God’s grace is seen in his sacrifice of his only begotten son. There is a marvelous scene in Revelation where John sees Jesus, described as the Lion of tribe of Judah, the Root of David and the Lamb (Revelation 5:1-10). Then in John 1:29-36 Jesus is twice described as the Lamb of God. This portrays Jesus as the sacrifice for sins. Indeed the giving of Jesus was an immense act of grace on the part of God.
God’s grace is seen in his interaction with man. There was no compelling reason for God to ever engage with man. Only his immense love and grace caused him to reach out to man. It was while men were enmeshed in sin and rebellion that God reached out to him (John 3:16; Romans 5:8).
God’s grace is seen in his offer of salvation to all men. God desires the salvation of all people (1 Timothy 2:4) and commands all to repent (Acts 17:30). It is because of this desire that salvation is offered to all (John 3:15; Romans 10:13; 1 John 4:15; 1 John 5:1; Revelation 22:17). Again, this is a marvelous showing of grace.
God’s grace is seen in his patience toward us. Can you imagine our predicament of every sin were immediately punished? In his divine mercy God has given us space to repent (Revelation 2:21). His patience leads us to repentance (Romans 2:4; Romans 3:25) and withholds his righteous wrath (2 Peter 3:8-13).
God’s grace is seen in the Bible. We don’t usually think of the Bible as an example of grace but it is. God’s choice to reveal himself to us was a gift to us which we did not deserve. His use of the Holy Spirit (2 Peter 1:21) to inspire Scripture (2 Timothy 3:16) allows men to know their Creator in far greater detail than what we could learn from nature (Romans 1:20).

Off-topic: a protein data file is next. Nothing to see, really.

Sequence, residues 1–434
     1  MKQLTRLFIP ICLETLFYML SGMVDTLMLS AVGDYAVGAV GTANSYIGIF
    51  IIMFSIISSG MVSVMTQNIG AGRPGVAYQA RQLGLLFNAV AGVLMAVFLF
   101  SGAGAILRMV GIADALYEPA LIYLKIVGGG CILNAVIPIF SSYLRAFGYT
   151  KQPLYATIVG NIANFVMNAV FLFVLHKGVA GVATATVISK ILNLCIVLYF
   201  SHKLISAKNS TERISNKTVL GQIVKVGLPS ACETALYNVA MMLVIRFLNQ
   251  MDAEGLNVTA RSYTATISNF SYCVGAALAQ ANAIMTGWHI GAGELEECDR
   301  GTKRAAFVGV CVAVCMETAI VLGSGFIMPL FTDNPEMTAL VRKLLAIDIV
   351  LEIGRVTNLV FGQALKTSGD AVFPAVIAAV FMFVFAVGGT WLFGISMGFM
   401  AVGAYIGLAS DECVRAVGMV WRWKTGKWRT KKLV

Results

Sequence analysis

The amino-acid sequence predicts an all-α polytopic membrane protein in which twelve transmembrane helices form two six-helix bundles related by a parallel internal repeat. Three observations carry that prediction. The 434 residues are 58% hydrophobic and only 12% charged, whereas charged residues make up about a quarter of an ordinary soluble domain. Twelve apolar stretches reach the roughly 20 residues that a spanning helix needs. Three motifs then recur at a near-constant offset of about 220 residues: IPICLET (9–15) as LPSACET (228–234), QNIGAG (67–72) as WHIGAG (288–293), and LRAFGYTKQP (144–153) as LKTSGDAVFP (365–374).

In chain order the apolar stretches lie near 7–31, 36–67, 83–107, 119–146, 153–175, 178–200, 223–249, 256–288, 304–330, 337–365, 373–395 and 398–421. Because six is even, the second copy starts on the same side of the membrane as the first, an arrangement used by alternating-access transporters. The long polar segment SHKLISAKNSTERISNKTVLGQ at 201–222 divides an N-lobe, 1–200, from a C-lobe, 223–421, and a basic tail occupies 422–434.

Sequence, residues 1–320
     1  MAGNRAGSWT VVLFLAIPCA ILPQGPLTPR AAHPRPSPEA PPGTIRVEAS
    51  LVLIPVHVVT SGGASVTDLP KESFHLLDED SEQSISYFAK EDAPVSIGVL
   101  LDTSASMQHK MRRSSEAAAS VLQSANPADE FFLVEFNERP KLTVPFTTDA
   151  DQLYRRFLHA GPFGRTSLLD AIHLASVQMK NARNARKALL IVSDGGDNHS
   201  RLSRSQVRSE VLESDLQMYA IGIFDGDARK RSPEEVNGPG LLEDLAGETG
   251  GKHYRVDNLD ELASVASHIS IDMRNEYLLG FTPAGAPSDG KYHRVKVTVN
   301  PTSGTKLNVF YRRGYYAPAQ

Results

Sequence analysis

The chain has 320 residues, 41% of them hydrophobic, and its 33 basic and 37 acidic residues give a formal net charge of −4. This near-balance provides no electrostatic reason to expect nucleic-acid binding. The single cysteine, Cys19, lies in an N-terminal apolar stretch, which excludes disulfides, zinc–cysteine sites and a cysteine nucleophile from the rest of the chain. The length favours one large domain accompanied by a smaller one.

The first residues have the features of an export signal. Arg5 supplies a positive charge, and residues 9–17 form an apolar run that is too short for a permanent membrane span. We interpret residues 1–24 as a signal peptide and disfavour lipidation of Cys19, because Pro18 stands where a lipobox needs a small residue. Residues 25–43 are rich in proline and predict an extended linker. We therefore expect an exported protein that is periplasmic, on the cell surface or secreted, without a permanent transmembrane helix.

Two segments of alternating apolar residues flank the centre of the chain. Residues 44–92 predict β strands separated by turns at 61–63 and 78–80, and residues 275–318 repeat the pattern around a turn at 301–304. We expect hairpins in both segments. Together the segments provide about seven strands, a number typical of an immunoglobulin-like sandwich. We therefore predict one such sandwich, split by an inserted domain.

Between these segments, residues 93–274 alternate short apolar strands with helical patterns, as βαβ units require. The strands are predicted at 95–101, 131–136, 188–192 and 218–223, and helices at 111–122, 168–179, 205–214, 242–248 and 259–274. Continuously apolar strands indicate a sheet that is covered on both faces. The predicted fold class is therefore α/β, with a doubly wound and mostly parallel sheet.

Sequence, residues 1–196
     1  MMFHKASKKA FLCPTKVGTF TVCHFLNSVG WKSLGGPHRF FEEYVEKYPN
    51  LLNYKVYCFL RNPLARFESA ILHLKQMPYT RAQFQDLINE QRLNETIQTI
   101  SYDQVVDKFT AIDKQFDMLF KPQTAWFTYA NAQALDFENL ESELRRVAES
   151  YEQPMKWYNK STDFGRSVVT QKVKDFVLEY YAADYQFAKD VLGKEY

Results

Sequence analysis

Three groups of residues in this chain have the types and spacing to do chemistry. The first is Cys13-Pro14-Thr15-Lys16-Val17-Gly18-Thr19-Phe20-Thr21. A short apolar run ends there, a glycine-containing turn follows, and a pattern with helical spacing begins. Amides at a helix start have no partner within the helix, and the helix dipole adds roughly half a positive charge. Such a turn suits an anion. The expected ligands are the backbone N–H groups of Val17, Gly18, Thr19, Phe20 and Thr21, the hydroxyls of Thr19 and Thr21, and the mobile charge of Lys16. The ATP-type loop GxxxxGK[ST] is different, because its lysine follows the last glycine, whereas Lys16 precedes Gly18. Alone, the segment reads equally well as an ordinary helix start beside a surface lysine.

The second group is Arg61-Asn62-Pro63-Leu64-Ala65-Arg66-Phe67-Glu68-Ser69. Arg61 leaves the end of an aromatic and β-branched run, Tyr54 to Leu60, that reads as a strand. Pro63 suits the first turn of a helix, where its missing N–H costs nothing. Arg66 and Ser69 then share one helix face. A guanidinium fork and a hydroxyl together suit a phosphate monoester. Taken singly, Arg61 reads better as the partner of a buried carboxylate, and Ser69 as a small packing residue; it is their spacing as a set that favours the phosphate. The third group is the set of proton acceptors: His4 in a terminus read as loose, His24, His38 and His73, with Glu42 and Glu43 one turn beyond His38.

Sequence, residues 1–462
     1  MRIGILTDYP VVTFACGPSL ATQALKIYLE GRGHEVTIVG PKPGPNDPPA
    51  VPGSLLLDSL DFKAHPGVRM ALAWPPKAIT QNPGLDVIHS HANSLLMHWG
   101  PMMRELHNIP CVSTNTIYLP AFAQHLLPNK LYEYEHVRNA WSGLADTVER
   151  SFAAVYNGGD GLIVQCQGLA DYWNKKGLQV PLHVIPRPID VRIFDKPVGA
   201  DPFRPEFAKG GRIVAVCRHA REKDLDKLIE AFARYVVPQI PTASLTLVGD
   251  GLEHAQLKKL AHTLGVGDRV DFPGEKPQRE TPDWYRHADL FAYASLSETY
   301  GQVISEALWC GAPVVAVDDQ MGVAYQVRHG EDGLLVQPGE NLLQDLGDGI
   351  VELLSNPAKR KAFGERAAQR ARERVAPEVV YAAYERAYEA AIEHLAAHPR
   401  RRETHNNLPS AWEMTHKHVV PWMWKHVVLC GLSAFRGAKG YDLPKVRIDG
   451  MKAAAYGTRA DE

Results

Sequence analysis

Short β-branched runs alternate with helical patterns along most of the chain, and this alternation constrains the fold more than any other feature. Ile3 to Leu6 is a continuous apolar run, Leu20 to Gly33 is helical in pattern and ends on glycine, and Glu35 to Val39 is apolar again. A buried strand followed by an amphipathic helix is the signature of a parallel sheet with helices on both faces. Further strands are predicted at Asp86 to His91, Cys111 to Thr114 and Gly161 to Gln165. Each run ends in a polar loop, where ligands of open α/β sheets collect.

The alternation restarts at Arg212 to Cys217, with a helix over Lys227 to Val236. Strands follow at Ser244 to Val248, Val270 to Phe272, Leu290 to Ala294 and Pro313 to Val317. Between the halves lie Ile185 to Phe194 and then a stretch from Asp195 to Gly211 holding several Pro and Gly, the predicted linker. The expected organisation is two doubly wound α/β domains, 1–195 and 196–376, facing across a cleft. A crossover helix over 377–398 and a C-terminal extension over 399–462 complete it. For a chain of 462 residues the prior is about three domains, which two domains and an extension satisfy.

God truly is gracious and has demonstrated his grace in many ways.
Some are troubled by the idea that works may enter into the equation. Some have given the impression that a person earn their way into heaven. Nothing is further from the truth. Let me be clear: No amount of work will ever earn salvation nor will God ever be put in our debt because of the works that we do. But it is incorrect to say that obedience or works are immaterial or irrelevant. The examples above of grace are all coupled with a response to grace. They all include some kind of works.
We should understand first that obedience is necessary (2 Thessalonians 1:8; 1 Peter 4:17). Works of obedience are necessary. But even when done properly we are still dependent on God’s grace for our salvation.
Jesus makes a very important point that I think is pertinent to our discussion. In Luke 17:10 he posits the idea of a servant who has done all that he should do; a servant who has obeyed the commands of his master. Of that man Jesus says he is an “unprofitable servant.” Does this negate the need for works of obedience? No! But it shows that works of obedience apart from the grace of God is useless.
Examples of Work
As with grace, there are many examples of work in the Bible. Here are a few.
Noah was obedient to God (Genesis 6:22; Hebrews 11:7).
Abram was obedient to God (Genesis 12:4; Hebrews 11:8).
Jesus was obedient to God (John 17:4; Matthew 26:39-42).
Every faithful person in Scripture was also obedient. They never put God in debt to them. But they willingly accepted the free gift of his grace through their simple obedience. The grace was extended long before they were ever born. It was given at a time when men were in rebellion against God. Therefore it could not have been earned. Man’s obedience to that grace then brings eternal salvation.
Often when we talk about grace and works we seem to be talking right past one another. I suspect many are saying much the same thing but in different words. Grace and works are linked and salvation does not come apart from either.
I know this is a challenging article to some. Your comments are desired. Please share with us your thinking.